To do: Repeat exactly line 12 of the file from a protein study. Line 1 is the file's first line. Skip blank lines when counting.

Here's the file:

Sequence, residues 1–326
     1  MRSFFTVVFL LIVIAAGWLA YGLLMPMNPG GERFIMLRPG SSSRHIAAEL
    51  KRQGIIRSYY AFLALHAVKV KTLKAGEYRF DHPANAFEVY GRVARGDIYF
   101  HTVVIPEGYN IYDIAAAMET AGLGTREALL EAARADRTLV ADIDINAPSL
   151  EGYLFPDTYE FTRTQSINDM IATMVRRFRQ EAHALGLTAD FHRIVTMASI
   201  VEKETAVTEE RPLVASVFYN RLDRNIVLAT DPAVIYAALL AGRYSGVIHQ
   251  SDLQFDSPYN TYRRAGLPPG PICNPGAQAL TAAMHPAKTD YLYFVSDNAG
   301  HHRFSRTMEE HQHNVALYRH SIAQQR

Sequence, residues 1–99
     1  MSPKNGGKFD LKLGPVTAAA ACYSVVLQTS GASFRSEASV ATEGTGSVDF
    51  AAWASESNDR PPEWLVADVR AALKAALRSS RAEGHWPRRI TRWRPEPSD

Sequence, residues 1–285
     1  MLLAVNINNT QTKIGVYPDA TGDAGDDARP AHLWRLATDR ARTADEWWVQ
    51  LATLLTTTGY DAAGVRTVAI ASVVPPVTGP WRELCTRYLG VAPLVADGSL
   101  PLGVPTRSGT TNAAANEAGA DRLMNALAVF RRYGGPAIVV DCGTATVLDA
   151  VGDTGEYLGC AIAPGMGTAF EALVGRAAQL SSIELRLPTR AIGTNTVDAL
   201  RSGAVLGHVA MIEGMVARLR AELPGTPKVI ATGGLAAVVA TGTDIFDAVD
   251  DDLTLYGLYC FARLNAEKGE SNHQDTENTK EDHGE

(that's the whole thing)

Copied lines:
Sequence, residues 1–285